Health Highlights

New Exceptions to Federal Anti-Inducement Law Create Opportunities for Health Care Providers

Authors: Robert D. Belfort | Emily Lee 

Significant attention has been focused on provisions of the recently enacted Patient Protection and Affordable Care Act, H.R. 3590 (“PPACA”) that expand the definition of fraud and abuse and enhance the government’s ability to prosecute health care providers. 

Less attention has been given to provisions of the PPACA that offer greater flexibility to providers for “certain charitable and other innocuous programs” under the beneficiary anti-inducement provisions of the federal Civil Monetary Penalties Law (“CMPL”).  These changes clarify some of the regulatory uncertainty surrounding certain types of patient incentive programs and create opportunities for expanding those programs without running the risk of violating the CMPL. 

Anti-Inducement Prohibitions Under the CMPL and the Anti-Kickback Statute (“AKS”) 

The offer or provision of items or services for free or below fair market value (“FMV”) to federal health care program beneficiaries potentially implicates both the CMPL and the federal Anti-Kickback Statute (“AKS”).  The CMPL makes it illegal for any person to offer or transfer remuneration to any individual covered by a federal health care program “that such person knows or should know is likely to influence such individual to order or receive from a particular provider, practitioner, or supplier any item or service for which payment may be made, in whole or in part . . . ” under such program.  42 U.S.C. § 1320a-7a(a)(5).  Remuneration includes, among other things, waivers of copayments and deductible amounts and transfers of items or services for free or for other than FMV.  42 U.S.C. § 1320a-7a(i)(6).  A violation of the CMPL is punishable by civil monetary penalties as well as exclusion from federal health care programs.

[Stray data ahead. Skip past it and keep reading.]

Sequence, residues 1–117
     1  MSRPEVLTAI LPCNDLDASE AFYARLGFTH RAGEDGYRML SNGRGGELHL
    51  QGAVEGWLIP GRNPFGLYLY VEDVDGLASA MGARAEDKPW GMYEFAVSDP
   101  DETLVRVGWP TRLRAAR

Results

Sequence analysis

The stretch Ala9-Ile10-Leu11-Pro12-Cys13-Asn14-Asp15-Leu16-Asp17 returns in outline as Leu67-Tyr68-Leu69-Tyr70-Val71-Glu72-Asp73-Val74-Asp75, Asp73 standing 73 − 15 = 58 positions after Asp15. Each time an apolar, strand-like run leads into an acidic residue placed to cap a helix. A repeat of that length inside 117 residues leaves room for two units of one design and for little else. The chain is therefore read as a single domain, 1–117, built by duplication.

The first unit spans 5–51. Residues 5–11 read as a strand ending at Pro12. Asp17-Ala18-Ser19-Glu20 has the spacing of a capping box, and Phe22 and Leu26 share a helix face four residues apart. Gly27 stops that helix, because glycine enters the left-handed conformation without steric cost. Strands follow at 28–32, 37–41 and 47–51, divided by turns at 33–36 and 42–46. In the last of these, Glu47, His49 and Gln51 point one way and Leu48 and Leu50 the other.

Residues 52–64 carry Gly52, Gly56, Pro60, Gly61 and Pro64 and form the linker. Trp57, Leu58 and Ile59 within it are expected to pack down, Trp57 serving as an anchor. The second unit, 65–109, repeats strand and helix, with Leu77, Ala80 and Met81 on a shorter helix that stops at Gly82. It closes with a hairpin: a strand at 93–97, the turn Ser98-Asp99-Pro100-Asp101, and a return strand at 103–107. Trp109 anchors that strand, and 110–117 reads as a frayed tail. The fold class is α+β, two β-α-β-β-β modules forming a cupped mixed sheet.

The AKS makes it illegal for, among other things, any person to knowingly and willfully offer or pay anything of value, in cash or in kind, in return for the purchase of an item or service covered by a federal health care program such as Medicare or Medicaid.  42 U.S.C. § 1320a-7b.  Violations of the AKS may be punishable as a felony, through exclusion from participation in federal health care programs or by the imposition of civil monetary penalties of up to three times the amount of the illegal kickback.

Existing CMPL Exceptions

Prior to enactment of the PPACA, there were a limited number of exceptions to the inducement prohibition under the CMPL set forth in the statute or in regulations issued by the U.S. Department of Health and Human Services (“DHHS”) Office of Inspector General (“OIG”):

  • Gifts of nominal value.  The OIG has interpreted the statute to permit the offering of inexpensive gifts (other than cash or cash equivalents) or services to a beneficiary so long as the gift has a retail value of no more than $10 to an individual patient, and no more than $50 in the aggregate annually per patient.
  • Properly disclosed health plan differentials in copayments or deductibles.  This exception permits health plan incentives that are part of a benefit plan design, such as lower plan copayments for using generic drugs.
  • Need-based cost-sharing waivers.  Beneficiary cost-sharing amounts can be waived if they are unadvertised and based on an individualized determination of financial need or exhaustion of reasonable collection efforts.
  • Preventive care incentives.  This exception permits incentives to promote the delivery of preventive care.  Such incentives may not be in the form of cash or cash equivalents and must be proportionate to the value of the preventive care provided.
  • Waivers of hospital outpatient co-pays in excess of minimum co-pay amounts.
  • Anti-kickback safe harbor.  Any practice permitted under an AKS safe harbor is allowed under the CMPL.

While health care providers and plans have been assured that they would not be subject to prosecution for business practices meeting all the requirements of an exception, they have faced some risk for arrangements that are seemingly innocuous but do not fit precisely within an exception.  The OIG’s advisory opinions provided some insight into the OIG’s position on such borderline arrangements but were limited to the specific facts addressed in each opinion.

New Anti-Inducement Exceptions